Antiviral activity of carbohydrate-binding agents against Nidovirales in cell cultureAntiviral activity of carbohydrate-binding agents against Nidovirales in cell culture
Faculty of Pharmaceutical, Biomedical and Veterinary Sciences. Pharmacy
Antiviral research. - Amsterdam
76(2007):1, p. 21-29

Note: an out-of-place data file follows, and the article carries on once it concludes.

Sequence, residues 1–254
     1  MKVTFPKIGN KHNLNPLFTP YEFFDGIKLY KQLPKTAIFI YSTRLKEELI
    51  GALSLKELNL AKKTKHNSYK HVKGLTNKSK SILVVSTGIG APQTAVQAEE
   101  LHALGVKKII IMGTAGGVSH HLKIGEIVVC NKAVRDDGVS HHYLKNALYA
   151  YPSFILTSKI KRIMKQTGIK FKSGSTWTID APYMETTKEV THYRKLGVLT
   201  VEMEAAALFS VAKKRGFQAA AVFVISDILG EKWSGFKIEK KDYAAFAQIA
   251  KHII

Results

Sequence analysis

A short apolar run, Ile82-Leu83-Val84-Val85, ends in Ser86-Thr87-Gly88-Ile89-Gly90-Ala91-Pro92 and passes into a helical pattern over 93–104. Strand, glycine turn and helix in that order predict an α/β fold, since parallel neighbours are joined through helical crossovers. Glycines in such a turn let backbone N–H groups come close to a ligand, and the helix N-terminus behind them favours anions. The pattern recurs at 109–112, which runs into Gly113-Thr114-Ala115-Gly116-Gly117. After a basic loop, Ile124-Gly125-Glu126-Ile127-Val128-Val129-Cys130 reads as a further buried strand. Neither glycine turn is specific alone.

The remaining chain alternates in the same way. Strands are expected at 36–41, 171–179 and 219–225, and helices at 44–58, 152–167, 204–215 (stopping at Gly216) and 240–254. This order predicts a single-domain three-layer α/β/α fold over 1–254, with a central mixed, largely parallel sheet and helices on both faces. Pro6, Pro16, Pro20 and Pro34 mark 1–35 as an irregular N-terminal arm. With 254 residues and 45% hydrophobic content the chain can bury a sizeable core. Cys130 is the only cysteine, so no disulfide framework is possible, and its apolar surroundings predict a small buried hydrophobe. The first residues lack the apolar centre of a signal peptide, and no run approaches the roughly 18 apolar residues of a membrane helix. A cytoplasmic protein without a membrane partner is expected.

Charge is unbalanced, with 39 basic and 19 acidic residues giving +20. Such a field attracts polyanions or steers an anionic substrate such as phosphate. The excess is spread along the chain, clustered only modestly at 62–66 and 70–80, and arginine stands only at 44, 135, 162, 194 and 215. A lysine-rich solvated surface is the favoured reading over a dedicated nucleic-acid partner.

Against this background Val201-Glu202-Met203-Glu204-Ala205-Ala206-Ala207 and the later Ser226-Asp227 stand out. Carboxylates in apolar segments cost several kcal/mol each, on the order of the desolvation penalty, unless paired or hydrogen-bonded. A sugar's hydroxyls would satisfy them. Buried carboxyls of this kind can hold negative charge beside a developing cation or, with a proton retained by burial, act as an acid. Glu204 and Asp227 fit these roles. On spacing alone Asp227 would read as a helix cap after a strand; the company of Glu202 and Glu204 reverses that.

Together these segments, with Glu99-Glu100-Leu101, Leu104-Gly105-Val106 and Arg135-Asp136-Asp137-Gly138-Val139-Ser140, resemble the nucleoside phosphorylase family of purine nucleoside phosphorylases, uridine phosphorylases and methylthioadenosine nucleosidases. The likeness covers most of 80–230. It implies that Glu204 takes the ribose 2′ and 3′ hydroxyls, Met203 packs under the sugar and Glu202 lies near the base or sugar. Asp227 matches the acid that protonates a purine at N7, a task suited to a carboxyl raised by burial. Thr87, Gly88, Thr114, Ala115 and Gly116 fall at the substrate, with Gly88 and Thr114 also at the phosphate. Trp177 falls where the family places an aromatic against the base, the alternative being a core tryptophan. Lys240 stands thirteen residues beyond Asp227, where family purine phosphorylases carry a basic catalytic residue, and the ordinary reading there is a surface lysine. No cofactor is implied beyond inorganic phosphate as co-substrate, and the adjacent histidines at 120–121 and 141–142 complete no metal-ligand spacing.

Coronaviruses are important human and animal pathogens, the relevance of which increased due to the emergence of new human coronaviruses like SARS-CoV, HKU1 and NL63. Together with toroviruses, arteriviruses, and roniviruses the coronaviruses belong to the order Nidovirales. So far antivirals are hardly available to combat infections with viruses of this order. Therefore, various antiviral strategies to counter nidoviral infections are under evaluation. Lectins, which bind to N-linked oligosaccharide elements of enveloped viruses, can be considered as a conceptionally new class of virus inhibitors. These agents were recently evaluated for their antiviral activity towards a variety of enveloped viruses and were shown in most cases to inhibit virus infection at low concentrations. However, limited knowledge is available for their efficacy towards nidoviruses. In this article the application of the plant lectins Hippeastrum hybrid agglutinin (HHA), Galanthus nivalis agglutinin (GNA), Cymbidium sp. agglutinin (CA) and Urtica dioica agglutinin (UDA) as well as non-plant derived pradimicin-A (PRM-A) and cyanovirin-N (CV-N) as potential antiviral agents was evaluated. Three antiviral tests were compared based on different evaluation principles: cell viability (MTT-based colorimetric assay), number of infected cells (immunoperoxidase assay) and amount of viral protein expression (luciferase-based assay). The presence of carbohydrate-binding agents strongly inhibited coronaviruses (transmissible gastroenteritis virus, infectious bronchitis virus, feline coronaviruses serotypes I and II, mouse hepatitis virus), arteriviruses (equine arteritis virus and porcine respiratory and reproductive syndrome virus) and torovirus (equine Berne virus). Remarkably, serotype II feline coronaviruses and arteriviruses were not inhibited by PRM-A, in contrast to the other viruses tested.